The Lost Dumas

24 09 2007

In a former life, I was a literary agent. Yes indeed! A junior literary agent, that is, much as a gumshoe in sneakers is a junior sleuth. Mussed hair and single untucked shirttail, with a casual callow air, I arrived always late and breathless to editor lunches, comps and samples spilling from beneath my arm as might a nerdy middle schooler’s notebooks from his grasp. In fact, I never got very far along the path to enlightened literary property representation, which may be why it sometimes seems to me, as the wheel of career karma turns, that I’m starting out in my new incarnation of freelance translator lower on the gainful employment ladder than before. I have sins to atone, and must with good deeds earn from the gods the benefits and pension contributions granted that higher life form, the full-fledged adult. Of my agent stint, I’ve this to say: it was the best office job I ever had. Four cozy rooms full of books, a magisterial view of Union Square, and my boss, a human being of unsurpassed kindness.

One of the few good things I did (who says they all come back to haunt you?) was pair up indie publisher Pegasus Books and Alexandre Dumas père’s unearthed missing novel, painstakingly assembled over fifteen years by scholar Claude Schopp from segments serialized in papers of the era. Publisher Claiborne Hancock has gone all out for this baby.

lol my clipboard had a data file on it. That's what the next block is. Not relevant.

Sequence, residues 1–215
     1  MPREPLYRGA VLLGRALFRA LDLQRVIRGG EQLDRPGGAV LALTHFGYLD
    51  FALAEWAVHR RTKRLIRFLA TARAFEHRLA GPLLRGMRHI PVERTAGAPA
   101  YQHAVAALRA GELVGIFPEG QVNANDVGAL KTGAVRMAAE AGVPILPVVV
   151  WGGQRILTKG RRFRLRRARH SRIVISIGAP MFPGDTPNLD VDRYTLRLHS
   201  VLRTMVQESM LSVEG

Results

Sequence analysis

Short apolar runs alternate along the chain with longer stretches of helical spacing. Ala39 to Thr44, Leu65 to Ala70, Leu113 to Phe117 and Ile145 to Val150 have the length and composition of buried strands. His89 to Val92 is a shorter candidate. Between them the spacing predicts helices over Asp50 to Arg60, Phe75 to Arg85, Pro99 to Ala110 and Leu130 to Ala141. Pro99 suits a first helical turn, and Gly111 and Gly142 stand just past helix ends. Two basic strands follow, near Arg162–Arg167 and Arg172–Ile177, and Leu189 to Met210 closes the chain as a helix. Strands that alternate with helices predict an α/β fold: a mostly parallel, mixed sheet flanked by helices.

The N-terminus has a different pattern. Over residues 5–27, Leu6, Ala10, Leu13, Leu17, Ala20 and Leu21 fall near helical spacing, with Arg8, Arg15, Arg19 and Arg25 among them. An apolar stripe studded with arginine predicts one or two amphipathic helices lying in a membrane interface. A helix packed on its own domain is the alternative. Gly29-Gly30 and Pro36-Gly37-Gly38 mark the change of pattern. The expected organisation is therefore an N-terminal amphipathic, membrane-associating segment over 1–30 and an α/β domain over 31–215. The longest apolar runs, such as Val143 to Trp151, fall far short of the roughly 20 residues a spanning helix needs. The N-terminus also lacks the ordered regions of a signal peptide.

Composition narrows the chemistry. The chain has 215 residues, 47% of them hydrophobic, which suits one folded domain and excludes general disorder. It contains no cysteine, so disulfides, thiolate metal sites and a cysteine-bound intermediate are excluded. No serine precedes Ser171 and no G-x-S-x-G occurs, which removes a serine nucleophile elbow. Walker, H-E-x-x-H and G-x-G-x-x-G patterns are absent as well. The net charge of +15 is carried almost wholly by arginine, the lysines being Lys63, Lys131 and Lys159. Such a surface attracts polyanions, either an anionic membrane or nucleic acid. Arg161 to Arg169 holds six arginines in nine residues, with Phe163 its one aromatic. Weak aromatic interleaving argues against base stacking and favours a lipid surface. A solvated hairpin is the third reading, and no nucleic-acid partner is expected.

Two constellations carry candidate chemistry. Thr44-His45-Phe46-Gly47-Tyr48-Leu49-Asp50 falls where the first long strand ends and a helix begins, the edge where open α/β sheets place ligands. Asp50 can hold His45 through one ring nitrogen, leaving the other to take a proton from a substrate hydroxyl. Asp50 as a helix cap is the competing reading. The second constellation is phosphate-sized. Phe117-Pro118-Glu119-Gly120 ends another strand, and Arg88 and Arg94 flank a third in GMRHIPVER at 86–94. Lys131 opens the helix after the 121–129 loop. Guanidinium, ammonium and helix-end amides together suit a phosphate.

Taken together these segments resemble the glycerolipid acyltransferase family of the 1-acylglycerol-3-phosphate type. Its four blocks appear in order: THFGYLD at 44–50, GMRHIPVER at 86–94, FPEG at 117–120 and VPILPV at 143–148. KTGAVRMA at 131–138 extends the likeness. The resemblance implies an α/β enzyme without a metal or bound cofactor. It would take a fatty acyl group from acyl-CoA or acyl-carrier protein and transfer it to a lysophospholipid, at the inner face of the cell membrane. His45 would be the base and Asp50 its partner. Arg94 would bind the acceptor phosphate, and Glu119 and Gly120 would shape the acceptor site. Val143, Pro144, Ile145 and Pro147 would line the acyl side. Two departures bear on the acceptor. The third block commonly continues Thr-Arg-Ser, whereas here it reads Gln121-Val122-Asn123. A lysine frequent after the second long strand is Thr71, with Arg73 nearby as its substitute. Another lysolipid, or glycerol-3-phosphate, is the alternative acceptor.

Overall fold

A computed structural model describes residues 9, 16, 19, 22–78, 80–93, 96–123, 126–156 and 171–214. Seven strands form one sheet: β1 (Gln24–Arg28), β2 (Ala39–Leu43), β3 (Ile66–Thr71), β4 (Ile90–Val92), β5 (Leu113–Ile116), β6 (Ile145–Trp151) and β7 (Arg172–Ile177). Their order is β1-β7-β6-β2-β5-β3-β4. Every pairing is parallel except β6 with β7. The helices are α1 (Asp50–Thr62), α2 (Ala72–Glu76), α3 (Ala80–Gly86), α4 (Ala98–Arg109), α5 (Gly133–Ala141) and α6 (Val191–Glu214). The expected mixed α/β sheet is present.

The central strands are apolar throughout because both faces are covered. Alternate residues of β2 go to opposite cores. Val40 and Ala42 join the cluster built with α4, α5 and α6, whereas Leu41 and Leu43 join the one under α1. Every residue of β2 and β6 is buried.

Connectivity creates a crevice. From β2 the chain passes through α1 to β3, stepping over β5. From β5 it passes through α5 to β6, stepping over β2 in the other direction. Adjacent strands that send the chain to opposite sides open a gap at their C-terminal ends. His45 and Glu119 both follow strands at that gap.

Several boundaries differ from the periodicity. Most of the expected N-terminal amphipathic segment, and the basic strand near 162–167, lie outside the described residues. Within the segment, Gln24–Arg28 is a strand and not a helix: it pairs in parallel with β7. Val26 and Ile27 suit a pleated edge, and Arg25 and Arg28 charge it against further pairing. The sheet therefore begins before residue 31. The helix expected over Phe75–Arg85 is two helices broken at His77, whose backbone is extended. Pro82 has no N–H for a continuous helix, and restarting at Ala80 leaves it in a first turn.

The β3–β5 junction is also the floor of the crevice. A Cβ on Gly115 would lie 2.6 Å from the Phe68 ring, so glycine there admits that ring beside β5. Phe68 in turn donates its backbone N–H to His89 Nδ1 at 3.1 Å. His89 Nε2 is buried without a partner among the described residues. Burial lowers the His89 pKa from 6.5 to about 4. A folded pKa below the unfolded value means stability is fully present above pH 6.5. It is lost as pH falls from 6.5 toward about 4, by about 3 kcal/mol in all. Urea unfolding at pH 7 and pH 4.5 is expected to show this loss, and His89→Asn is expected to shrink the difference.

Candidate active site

And it just came out.

The Last Cavalier, from Pegasus Books Read the rest of this entry »

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I’m a Fella!

13 09 2007

The American Literary Translators Association, which I joined this summer, a whole year after first being urged to do so by the wise and lovely Susan Harris, has seen fit to bestow on me a Travel Fellowship for its 30th anniversary conference this November in Dallas. I’ll even be giving a short reading. I’m stoked!! To say the very least. Read the rest of this entry »





Cantanker

11 09 2007

I have a problem with this: the default critique these days for books and albums of a somber mood seems to be to imply that they reference or obliquely address a post 9/11 world. The ashes from that day seem to pall every important new work of art. “Clearly a reference to” is a nightstick critics wield with a certain swagger. Of course, as usual when I let myself topple into tirade, I have no example to point to or truck out in my defense except a certain impression of surfeit that must be the result of accumulated instances, right? America suddenly has a copyright on disaster; let no one else’s grief infringe thereon. Of course our Promised Land, ’tis of thee, has always taken woe quite personally, or do I mean myopically and hubristically? Even our disasters, supersized, are bigger than your disasters, and ditto with our suffering, or so the t-shirts for sale in the French Quarter would have had me believe when I was there in November ’05 as a volunteer. Walls plastered with wreaths and photos of missing loved ones existed elsewhere before Ground Zero and Union Square—notably, the 1999 Taiwan quake—though we see them only as 9/11 references. Read the rest of this entry »